22 July: Terrorism docudrama chillingly effective

Approaching real terrorism dramatically is difficult subject matter for filmmakers to handle properly.

Whether it’s a faithful, authentic retelling like Clint Eastwood’s “The 15:17 To Paris” with the real heroes on screen or a more loose depiction like Peter Berg’s “Patriots Day,” there’s a great deal of care given to what and how the terror of catastrophic events and the terrorists who commit them are portrayed on screen.

Writer/director Paul Greengrass takes a wholistic approach with his latest endeavor “22 July,” a sobering docudrama about right-wing extremism in Norway in the middle of 2011.

A lone man, bent on ending Norway’s immigration entirely, bombed the prime minister’s office and then struck hours later, killing 69 students at a summer camp on a remote island outside Oslo.

Greengrass refuses to shy away from the violence in his film, taking a stark 20 minute sequence to methodically recreate the carnage of Anders Behring Breivik from multiple perspectives.

Audiences are thrust on both sides of the rifle barrel, watching helplessly as teens are gunned down with chilling callousness. “22 July” does not glorify the attack by any means, but the clinical approach Greengrass presents may come across as offensive to some viewers.

There’s a stoic precision to Greengrass’s work as he abandons his signature shaky-cam cinematography made famous in the Jason Bourne franchise and “Captain Phillips.” Shots move crisply from point to point with rigor, less in a clinical approach than a militant efficiency.

All the while, Greengrass draws out incredible performances from a talented Nordic cast led by Jonas Strand Gravli as Viljar, one of the teenage survivors, and Anders Danielsen Lie as Breivik.

Gravli measures his performance in segments, flowing seamlessly from popular and carefree to panicked to emotionally broken as viewers watch Viljar over the course of the film.

After the attack, Gravli turns in his best work, hiding Viljar’s pain but failing to shut out the aftershocks he constantly replays in his mind.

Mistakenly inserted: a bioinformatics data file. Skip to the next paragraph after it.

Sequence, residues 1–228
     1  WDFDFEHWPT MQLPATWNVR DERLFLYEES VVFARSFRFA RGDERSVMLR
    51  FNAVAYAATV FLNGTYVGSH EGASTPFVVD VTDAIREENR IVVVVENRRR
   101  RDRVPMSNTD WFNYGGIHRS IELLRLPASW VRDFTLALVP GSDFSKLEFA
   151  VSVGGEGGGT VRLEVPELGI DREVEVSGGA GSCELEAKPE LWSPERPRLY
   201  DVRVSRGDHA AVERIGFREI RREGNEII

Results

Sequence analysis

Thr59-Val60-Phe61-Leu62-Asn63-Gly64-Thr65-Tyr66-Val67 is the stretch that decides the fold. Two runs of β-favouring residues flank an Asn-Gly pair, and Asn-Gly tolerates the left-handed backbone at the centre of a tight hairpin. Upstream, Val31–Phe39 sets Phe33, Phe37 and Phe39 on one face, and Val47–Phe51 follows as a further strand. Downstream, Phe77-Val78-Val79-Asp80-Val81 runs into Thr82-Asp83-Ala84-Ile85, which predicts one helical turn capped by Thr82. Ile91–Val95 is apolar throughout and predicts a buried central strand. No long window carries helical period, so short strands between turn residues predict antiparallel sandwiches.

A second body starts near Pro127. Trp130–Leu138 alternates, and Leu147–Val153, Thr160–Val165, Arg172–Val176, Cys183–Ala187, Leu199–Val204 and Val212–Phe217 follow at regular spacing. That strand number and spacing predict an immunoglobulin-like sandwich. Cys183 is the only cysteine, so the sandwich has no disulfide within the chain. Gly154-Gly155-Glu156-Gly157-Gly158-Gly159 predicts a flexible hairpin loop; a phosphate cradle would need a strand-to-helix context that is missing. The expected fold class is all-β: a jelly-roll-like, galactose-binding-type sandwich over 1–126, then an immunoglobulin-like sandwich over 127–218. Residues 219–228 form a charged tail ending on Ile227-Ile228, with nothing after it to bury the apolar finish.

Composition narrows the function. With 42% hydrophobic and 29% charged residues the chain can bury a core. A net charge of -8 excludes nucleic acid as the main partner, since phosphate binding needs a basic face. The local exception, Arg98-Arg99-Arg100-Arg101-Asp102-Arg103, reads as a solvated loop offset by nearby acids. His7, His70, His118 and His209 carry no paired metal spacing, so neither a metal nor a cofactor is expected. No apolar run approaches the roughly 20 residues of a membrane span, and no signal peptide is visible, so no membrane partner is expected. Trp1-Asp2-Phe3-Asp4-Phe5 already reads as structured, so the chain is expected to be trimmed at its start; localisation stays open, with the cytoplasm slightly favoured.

The detachment in Lie’s expert portrayal of Breivik chills viewers to the bone in a terrifying, yet mesmerizing way. Lie achieves a strange glazed-over façade as if Breivik is maintaining some sort of trance that is both eerie and feels genuine to the man.

“22 July” is a well acted ensemble film with solid turns from the entire cast, but especially Jon Øigarden as Breivik’s reluctant attorney conflicted between defending his client and confronting the atrocities before him.

The film wanders between redemptive drama and legal procedural throughout its second half, but this never feels reductive or long-winded.

Greengrass has made a career of finding political commentary in his cinema and this extends to “22 July” as well, but without the biting viciousness of Spike Lee’s “BlacKkKlansman.”

Netflix has given “22 July” one of the company’s biggest theatrical releases and while that may translate to award season eligibility, Greengrass’s film will probably be shut out.

If the film had been made in Norwegian instead of English, it certainly would have had a good chance at a foreign language Oscar nom but would still be far behind Alfonso Cuaron’s expected Oscar frontrunner “Roma,” a Netflix film debuting in December.

“22 July” is a difficult watch, especially all at once. Perhaps Netflix is the perfect venue for the film, allowing for viewers to pause or skip ahead if necessary. It’s certainly one of Greengrass’s better films and an important one at that.

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